Patients with missing teeth apply for implant treatment due to aesthetic concerns and chewing disorders. There are many types of dental implants used during this treatment. Implant types and implant brands are also shaped by the development of technology and offer patients an easier treatment option.
Dental implants offer individuals a complete restoration option for missing teeth. It is a complete denture that acts like artificial roots to support full function and stop or prevent jaw loss.
Dental implants replace the roots of missing teeth, giving people the strength and stability they need to eat their favorite foods without the hassle of chewing while helping to preserve facial features.
Different Types of Dental Implants
Each type of dental implant has different veneers, connectors, and size options for the dentist to choose from. Although there are several different methods of implant placement, the different types usually fall into two categories.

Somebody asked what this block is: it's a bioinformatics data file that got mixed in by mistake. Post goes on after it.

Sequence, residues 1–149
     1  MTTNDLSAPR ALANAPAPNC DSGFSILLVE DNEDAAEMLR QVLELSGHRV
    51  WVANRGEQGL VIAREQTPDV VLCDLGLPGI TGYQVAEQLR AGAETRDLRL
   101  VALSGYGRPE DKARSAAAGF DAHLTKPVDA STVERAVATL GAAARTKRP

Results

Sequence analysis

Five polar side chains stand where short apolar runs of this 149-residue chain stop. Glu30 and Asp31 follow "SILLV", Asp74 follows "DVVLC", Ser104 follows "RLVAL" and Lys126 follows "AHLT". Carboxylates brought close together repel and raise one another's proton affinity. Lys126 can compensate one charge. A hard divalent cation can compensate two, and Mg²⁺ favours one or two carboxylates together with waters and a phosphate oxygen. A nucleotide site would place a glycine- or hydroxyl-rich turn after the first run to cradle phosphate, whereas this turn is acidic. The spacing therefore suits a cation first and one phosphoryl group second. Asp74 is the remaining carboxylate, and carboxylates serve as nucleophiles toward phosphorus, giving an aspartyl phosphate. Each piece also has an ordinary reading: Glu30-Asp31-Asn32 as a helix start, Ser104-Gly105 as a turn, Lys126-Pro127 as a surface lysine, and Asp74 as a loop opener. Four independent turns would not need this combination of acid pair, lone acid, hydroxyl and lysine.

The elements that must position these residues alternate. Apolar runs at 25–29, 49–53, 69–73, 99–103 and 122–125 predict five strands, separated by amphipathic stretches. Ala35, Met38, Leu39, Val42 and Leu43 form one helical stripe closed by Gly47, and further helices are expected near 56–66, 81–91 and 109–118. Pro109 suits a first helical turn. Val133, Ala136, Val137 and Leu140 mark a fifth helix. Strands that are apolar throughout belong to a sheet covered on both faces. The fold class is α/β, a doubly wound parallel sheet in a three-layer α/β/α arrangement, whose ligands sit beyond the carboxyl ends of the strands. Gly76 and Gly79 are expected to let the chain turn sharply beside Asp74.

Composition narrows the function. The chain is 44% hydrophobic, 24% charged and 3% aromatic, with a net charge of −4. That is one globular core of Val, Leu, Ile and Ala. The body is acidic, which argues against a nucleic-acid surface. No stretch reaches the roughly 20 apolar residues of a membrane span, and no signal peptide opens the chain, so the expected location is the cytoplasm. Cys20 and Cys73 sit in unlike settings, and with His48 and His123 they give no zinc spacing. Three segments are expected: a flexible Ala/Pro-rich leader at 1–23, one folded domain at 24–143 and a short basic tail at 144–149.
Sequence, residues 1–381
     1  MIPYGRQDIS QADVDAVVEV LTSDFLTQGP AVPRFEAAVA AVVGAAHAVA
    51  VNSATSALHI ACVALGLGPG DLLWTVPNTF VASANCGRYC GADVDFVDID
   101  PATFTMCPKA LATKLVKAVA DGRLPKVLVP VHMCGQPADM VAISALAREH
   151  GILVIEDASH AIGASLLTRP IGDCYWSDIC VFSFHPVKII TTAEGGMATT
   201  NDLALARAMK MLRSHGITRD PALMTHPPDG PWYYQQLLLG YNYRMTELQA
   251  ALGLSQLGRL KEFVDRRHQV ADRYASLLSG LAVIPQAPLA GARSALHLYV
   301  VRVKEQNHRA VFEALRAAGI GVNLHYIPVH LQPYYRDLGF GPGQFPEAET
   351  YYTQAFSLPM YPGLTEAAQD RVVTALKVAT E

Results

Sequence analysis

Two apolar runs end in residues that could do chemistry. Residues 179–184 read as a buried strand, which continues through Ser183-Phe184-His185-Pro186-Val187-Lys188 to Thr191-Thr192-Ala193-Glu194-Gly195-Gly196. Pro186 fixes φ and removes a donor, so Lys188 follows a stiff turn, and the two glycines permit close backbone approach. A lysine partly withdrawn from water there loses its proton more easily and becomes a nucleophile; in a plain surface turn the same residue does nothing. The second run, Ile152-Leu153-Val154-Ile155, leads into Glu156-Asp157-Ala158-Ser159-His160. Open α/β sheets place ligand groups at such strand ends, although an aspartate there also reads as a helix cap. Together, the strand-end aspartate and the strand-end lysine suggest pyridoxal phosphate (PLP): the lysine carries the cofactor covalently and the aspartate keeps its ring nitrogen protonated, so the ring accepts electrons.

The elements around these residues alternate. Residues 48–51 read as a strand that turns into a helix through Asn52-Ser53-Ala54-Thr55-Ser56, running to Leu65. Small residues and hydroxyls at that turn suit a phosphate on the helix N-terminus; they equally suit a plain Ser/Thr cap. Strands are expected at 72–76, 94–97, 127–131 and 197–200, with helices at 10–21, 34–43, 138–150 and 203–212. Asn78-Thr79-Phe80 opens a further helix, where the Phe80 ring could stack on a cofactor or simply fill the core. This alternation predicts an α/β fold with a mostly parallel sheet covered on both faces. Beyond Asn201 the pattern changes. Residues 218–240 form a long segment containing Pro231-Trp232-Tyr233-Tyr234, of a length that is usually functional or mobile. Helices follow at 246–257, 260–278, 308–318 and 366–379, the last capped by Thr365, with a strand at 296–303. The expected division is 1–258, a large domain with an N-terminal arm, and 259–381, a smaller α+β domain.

Endosteal (Endosseous) Implants
Endosteal is the most commonly used type of dental implant. They are sometimes used as an alternative to a bridge or removable dentures. Endosteal implants include screw (threaded), cylinder (smooth), and vane types. The dentist helps determine which type of dental implant will work best for the person. Endosteal implants are safe, effective and the most popular type of treatment used today.
Intrabony implantation begins with screwing the implant into the jawbone, which requires adequate jawbone health and density. An endosseous implant may not be the right type of treatment if the patient has a short or narrow jaw structure that is congenital, and worn out by trauma or disease. In this case, a subperiosteal implant is another option.
Subperiosteal implants are rarely used today. In the past, they were mainly used to fix prostheses in patients with insufficient bone height. Subperiosteal implants are placed from the gums to the jawbone within the gingival tissue with a metal implant post to support the prosthesis.